I was a 1password user for years. Thought it was great, everything I needed without not too much bloat, ads, etc. Then one day 1password locked everyone out. As in can’t log in with the master password. So no access to any passwords, notes or anything. Business shut down. Thought I was hacked. Not a good feeling. Immediately after shooting an emergency email to 1password support, I began looking for a good replacement for 1password. Not even gonna wait 10 […] Continue reading »

WordPress and the Blank Target Vulnerability

For those who haven’t yet noticed, WordPress now adds rel=”noopener” attributes for any external links added via the link Quicktag in the Visual/RTE. So if you enable the option, “Open link in a new tab”, WordPress automatically will add the rel noopener attribute to the link. This is to protect against CORS and other exploits that take advantage of blank-target links. It’s a smart move that may escape many in the WordPress community. So in an effort to help foster […] Continue reading »

Blocking the “ReallyLongRequest” Bandit

While browsing server logs, I kept seeing these super long request URIs that begin with “YesThisIsAReallyLongRequest…” and then the request string just keeps going for like 1 kilobyte worth of characters. Not just a few times, but many. In other words, somebody is going around and repeatedly hitting servers with gigantic-size requests. Probably to test server response using other people’s servers. Ummm, yeah kinda malicious. So I did some research and then blocked the “ReallyLongRequest” Bandit. Continue reading »

Basic Webpack Setup

Preparing for Gutenberg, I’ve been sharpening my JavaScript skillz. Getting further into things like Webpack, React, Node.js, and all sort of other awesome scripting adventures. As I dive further into JavaScript land, it’s amazing how much more quickly I am able to do things that I never had to do before relying so heavily on JavaScript. Even so, the extra tools are good to have in the ’ol developer tool belt, so I’ll be sharing much more about JavaScript stuff […] Continue reading »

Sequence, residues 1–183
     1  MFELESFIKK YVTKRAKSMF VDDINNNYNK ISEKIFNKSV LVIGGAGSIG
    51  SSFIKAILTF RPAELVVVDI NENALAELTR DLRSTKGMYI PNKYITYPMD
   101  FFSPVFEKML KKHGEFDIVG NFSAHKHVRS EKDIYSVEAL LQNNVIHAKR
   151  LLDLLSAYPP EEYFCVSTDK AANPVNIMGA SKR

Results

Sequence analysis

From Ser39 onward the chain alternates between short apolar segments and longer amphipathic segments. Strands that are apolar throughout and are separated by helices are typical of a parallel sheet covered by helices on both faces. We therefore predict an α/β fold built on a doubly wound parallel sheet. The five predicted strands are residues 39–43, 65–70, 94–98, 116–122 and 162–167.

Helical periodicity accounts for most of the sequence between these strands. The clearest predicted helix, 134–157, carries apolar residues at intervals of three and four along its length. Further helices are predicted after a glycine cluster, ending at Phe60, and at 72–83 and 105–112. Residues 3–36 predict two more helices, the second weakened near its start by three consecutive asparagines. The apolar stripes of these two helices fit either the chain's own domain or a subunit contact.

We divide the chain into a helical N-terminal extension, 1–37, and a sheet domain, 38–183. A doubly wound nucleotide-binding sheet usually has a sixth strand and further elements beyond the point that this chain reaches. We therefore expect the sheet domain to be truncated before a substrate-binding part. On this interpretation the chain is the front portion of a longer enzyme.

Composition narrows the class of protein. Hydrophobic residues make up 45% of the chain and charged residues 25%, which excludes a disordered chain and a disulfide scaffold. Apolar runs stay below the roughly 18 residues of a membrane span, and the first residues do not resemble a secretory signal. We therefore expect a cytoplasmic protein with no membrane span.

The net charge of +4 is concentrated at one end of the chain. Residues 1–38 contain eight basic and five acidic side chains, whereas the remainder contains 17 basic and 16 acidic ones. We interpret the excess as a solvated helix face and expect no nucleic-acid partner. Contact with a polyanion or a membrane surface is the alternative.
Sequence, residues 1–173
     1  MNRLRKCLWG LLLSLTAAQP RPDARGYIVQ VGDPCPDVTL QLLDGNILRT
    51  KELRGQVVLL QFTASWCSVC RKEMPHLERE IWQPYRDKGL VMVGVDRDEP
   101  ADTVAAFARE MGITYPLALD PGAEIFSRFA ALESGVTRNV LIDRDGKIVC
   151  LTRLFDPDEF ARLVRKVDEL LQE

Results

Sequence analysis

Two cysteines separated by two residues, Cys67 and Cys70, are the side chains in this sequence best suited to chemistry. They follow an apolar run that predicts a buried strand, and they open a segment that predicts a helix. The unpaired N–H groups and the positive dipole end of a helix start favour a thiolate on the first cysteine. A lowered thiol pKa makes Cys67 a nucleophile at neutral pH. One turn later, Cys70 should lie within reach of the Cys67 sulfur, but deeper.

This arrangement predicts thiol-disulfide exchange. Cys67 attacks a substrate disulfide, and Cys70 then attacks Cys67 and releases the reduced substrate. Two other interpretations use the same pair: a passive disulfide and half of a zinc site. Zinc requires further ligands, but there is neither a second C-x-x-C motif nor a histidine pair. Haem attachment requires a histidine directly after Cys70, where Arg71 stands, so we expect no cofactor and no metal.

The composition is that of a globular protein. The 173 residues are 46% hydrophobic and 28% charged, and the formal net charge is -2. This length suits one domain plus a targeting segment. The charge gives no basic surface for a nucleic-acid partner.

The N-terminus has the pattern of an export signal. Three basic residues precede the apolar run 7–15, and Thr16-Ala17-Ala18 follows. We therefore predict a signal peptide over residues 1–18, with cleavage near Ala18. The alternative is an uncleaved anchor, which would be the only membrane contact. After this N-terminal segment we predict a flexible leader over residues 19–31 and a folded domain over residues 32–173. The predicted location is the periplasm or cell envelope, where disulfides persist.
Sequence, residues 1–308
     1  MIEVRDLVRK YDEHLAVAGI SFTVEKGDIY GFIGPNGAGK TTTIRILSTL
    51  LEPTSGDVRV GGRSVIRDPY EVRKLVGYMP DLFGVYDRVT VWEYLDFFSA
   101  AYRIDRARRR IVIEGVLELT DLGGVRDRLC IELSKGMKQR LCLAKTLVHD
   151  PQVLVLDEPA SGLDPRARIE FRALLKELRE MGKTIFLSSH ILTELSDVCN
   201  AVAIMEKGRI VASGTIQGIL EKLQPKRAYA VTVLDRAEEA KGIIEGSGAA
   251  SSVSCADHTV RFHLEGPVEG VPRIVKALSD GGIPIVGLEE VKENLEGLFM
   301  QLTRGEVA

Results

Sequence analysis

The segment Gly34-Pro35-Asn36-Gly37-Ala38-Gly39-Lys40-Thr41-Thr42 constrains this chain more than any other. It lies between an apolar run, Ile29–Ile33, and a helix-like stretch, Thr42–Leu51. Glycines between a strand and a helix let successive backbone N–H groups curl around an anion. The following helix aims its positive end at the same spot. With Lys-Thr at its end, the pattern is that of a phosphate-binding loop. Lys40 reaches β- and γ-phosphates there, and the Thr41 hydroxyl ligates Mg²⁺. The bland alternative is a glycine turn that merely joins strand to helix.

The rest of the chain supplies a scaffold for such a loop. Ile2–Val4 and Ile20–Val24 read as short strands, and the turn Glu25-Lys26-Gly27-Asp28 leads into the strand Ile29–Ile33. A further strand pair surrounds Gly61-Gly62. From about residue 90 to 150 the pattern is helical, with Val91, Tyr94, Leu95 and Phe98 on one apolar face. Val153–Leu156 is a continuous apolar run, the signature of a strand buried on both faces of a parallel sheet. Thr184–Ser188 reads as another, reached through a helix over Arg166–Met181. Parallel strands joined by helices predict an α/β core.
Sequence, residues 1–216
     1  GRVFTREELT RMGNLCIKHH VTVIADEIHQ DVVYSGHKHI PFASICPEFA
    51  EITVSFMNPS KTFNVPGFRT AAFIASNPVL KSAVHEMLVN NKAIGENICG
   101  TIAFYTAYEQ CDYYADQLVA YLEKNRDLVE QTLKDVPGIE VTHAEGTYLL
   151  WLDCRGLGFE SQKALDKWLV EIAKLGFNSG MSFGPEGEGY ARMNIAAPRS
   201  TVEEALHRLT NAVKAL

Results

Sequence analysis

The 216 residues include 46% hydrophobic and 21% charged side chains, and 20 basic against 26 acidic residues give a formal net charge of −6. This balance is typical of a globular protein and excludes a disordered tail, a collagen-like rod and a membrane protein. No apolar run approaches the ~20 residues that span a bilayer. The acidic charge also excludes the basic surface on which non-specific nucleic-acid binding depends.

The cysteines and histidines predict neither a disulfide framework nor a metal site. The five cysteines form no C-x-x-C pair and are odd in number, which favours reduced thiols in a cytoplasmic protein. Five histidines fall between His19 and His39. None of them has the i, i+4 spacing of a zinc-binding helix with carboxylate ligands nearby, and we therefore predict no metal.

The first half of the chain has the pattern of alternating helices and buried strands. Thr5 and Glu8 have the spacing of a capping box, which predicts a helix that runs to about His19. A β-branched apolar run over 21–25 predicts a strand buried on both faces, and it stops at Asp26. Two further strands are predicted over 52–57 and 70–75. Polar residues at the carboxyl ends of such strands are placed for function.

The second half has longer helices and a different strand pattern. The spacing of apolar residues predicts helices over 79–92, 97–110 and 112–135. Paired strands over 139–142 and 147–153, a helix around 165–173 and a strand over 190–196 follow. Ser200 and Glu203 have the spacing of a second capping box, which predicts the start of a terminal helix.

Clearfix Hack Evolution: From Dumpster Fire to One Line of Code

Is the clearfix method of clearing floats still useful? It’s been years now and I think the answer is “yes”. For example, I use clearfix to clear floats in the site’s current design. It’s the “cleanest” way to clear floated elements without setting widths, hiding overflow, or floating (nearly) everything. I know what some of you are thinking: “Cleanest..? Clearfix is a hack. A total nightmare event.” Years ago that may have been the case, but not so much anymore.. Continue reading »

Wireless Camera Notes

Momentum Cam Over the years, I’ve gone through quite a few wireless wi-fi security cameras. Not because I am a gadget/new-tech junkie, but because all of the cameras I have tried so far work for awhile and then stop working, or never work properly in the first place. So in an effort to not repeat myself while maybe helping others who are looking for information, here is a post that I am dedicating to wi-fi camera notes. This includes things […] Continue reading »

Metamorphosis

After 9 grueling weeks, I am happy to say that the 2018 Perishable Press redesign is complete. There are still a few small details that I am contemplating, but overall the work is finished and the site is back to full production capacity. From the old Wire theme rolled out in 2013 (five years ago!), to the minimalist, lightweight X Theme, Perishable Press has metamorphosed into a lean, mean, content sharing machine. This is the 24th time Perishable Press has […] Continue reading »

Welcome
Perishable Press is operated by Jeff Starr, a professional web developer and book author with two decades of experience. Here you will find posts about web development, WordPress, security, and more »
WP Themes In Depth: Build and sell awesome WordPress themes.
Thoughts
Past week here in WA state has been hellish. So much smoke, like living in a chimney.
Now in September, I’m where I wanted to be in March.
Spent some time updating my article on unsafe characters, once again current with latest IETF specification.
Just realized that “Neo” is an anagram for “One”. As in, “he is the One” (The Matrix).
To get VLC app to load all songs (including subfolders), go to Preferences ▸ Show All ▸ Playlist ▸ Subdirectory behavior ▸ Expand.
Switching from PhotoShop to Affinity Photo is one of the most liberating work-related things I've done in 20 years.
Finally got my collection of Pro WordPress plugins updated. Everything now better than ever and current with WP 5.5.